Description Byzantine craftsmen revived the Hellenistic tradition of incorporating multicolored gemstones in jewelry, which was not common during the Roman imperial period. The ten sections of this openwork diadem were each adorned with a central gem and pearls, now missing. The diadem was sewn onto a headband of leather or cloth with holes so wearers could adjust the size. Similar pieces were also worn as neckbands. This example would most likely have been worn by members of the imperial family as its amethysts evoke the imperial color purple.
- Early Christian and Byzantine Art. Baltimore Museum of Art, Baltimore. 1947.
- Jewelry - Ancient to Modern. The Walters Art Gallery, Baltimore. 1979-1980.
- Objects of Adornment: Five Thousand Years of Jewelry from the Walters Art Gallery, Baltimore. Cooper-Hewitt National Design Museum, New York; Chrysler Museum of Art, Norfolk; Carnegie Museum of Art, Pittsburgh; San Antonio Museum of Art, San Antonio; Philbrook Museum of Art, Tulsa; Honolulu Academy of Arts, Honolulu; New Orleans Museum of Art, New Orleans; Milwaukee Art Museum, Milwaukee; Minneapolis Institute of Art, Minneapolis; Toledo Museum of Art, Toledo; The John and Mable Ringling Museum of Art, Sarasota. 1984-1987.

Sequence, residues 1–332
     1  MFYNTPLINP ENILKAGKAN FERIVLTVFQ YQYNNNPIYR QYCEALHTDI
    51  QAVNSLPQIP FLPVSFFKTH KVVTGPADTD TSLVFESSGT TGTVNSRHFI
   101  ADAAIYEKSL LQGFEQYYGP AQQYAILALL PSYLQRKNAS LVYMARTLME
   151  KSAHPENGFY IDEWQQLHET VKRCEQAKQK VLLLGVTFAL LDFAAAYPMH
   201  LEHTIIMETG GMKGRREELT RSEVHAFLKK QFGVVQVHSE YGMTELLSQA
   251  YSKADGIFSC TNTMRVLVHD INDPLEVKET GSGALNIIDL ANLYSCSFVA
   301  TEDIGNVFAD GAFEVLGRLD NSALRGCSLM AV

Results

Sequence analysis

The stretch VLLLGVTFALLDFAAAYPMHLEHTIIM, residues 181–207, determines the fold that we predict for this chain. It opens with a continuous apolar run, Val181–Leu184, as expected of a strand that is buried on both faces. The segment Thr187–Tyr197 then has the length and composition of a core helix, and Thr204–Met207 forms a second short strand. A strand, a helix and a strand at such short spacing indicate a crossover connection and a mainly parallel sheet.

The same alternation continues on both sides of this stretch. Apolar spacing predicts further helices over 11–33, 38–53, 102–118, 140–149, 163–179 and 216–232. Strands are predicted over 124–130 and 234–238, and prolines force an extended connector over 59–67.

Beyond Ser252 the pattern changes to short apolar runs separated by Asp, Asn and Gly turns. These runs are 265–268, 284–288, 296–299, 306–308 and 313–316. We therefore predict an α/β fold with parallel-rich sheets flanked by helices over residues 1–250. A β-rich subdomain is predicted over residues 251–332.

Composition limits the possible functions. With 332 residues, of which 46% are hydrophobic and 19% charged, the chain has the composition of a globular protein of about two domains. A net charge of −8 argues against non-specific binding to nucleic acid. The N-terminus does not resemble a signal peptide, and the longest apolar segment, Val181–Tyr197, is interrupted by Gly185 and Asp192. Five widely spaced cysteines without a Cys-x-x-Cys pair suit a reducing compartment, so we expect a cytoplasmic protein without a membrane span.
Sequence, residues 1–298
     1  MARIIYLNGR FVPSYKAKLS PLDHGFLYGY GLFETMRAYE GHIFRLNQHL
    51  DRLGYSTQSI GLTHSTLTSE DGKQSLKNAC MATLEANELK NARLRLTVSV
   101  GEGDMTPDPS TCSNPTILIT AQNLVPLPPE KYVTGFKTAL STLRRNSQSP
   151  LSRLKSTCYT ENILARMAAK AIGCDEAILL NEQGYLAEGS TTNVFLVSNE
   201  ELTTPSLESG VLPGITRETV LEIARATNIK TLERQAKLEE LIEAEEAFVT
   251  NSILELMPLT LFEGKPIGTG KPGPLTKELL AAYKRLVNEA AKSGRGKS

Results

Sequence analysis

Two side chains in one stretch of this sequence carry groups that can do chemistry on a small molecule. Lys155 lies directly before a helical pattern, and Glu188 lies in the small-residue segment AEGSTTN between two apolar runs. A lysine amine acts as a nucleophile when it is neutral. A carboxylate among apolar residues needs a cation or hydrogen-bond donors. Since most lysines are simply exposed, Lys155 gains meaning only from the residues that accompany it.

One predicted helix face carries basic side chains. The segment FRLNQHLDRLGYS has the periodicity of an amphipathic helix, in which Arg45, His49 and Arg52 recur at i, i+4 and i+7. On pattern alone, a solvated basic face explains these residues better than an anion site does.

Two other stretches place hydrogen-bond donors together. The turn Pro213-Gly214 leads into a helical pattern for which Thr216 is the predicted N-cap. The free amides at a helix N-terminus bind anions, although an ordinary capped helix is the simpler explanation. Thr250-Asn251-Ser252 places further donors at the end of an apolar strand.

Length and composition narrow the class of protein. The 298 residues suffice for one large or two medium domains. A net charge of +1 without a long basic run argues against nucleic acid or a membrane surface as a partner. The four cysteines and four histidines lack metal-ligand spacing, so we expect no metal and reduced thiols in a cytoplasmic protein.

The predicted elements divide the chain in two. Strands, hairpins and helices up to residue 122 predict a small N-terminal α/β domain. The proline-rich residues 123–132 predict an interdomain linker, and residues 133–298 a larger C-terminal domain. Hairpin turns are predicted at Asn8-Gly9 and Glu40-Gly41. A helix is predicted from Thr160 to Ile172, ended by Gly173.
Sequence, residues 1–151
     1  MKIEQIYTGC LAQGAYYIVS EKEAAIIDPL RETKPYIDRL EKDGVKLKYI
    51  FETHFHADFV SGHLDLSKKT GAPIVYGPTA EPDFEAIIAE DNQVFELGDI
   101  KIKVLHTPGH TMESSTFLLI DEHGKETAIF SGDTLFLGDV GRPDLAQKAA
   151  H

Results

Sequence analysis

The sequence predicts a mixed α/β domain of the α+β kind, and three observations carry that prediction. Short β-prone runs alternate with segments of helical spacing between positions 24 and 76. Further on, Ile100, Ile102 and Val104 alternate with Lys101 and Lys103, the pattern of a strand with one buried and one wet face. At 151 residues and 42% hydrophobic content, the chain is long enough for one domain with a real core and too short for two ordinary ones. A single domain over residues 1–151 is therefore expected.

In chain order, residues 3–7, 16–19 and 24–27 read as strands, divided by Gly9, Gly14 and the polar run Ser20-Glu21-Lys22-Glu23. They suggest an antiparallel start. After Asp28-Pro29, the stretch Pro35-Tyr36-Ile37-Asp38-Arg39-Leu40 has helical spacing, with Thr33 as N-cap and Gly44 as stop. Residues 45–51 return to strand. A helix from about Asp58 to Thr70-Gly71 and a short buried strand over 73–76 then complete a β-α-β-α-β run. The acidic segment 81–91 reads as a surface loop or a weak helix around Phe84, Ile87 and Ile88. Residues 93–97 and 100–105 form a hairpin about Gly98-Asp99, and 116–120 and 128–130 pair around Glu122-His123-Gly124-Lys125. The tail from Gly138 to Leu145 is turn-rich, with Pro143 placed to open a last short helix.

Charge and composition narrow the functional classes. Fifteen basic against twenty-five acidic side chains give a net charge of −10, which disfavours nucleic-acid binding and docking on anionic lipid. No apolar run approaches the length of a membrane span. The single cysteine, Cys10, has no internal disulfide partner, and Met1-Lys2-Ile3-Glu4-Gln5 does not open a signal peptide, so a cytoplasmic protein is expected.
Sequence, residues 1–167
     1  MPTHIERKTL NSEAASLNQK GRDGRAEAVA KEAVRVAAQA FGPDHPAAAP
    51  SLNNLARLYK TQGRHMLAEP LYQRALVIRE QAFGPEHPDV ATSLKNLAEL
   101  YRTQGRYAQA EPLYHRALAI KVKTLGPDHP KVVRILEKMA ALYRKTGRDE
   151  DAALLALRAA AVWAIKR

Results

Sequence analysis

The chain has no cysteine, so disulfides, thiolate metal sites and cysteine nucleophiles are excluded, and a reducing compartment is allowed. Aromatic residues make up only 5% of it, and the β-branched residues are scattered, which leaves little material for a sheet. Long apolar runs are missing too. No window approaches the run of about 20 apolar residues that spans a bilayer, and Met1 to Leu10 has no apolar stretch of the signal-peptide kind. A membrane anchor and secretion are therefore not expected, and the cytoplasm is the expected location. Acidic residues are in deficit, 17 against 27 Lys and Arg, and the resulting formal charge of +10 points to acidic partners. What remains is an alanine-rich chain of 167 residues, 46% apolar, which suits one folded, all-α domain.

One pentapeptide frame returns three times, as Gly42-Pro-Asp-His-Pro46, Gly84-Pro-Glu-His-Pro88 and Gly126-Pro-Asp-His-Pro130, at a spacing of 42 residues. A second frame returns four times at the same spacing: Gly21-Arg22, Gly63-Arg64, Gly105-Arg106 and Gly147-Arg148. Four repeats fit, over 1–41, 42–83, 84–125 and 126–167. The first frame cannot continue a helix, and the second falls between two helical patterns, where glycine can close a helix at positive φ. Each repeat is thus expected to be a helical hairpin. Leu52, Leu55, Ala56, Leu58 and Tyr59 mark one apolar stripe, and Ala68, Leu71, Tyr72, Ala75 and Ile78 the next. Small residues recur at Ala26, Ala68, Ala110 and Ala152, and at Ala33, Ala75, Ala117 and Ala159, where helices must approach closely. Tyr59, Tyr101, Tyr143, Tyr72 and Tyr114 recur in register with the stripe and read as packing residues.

- Jewelry from the Walters Art Gallery and the Zucker Family Collection. The Walters Art Gallery, Baltimore. 1987.
- Bedazzled: 5,000 Years of Jewelry from the Walters Art Museum. Frist Center for the Visual Arts, Nashville; The John and Mable Ringling Museum of Art, Sarasota; The Walters Art Museum, Baltimore. 2006-2009.
- Heirs of the Empire in North Africa-The Kingdom of the Vandals. Badisches Landesmuseum, Karlsruhe, Karlsruhe. 2009-2010.
- Bedazzled: 5,000 Years of Jewelry. El Paso Museum of Art, El Paso. 2010.
Provenance Ernest Guilhou, Paris, by purchase; Collection of Guilhou Sale, Paris, July 16-18, 1905, no. 272; Henry Walters, Baltimore, 1905, by purchase; Walters Art Museum, 1931, by bequest.
Credit Acquired by Henry Walters, 1905
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